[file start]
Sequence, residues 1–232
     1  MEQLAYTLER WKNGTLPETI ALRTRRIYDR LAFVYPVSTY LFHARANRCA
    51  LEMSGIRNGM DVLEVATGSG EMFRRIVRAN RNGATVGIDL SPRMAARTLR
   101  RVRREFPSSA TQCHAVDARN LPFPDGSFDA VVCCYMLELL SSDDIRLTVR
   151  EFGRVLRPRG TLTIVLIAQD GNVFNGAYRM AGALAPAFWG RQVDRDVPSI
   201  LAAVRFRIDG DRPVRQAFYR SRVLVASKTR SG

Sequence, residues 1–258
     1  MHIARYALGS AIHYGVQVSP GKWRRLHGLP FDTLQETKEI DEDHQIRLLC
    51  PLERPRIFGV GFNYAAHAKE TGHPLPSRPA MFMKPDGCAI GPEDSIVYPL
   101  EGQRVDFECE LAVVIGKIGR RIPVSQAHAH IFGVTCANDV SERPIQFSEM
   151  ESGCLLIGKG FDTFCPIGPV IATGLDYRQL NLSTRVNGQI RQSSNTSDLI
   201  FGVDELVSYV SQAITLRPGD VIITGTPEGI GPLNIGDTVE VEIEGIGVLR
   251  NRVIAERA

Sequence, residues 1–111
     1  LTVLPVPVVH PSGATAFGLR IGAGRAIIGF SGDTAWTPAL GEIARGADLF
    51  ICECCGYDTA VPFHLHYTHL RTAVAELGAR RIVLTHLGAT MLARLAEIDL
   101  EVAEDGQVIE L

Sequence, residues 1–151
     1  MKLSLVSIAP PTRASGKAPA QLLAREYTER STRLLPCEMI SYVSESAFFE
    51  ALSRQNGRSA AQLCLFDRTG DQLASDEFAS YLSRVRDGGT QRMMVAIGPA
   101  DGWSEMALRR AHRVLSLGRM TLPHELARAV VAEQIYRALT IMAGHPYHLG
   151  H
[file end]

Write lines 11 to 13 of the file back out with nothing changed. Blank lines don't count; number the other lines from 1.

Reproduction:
   151  ESGCLLIGKG FDTFCPIGPV IATGLDYRQL NLSTRVNGQI RQSSNTSDLI
   201  FGVDELVSYV SQAITLRPGD VIITGTPEGI GPLNIGDTVE VEIEGIGVLR
   251  NRVIAERA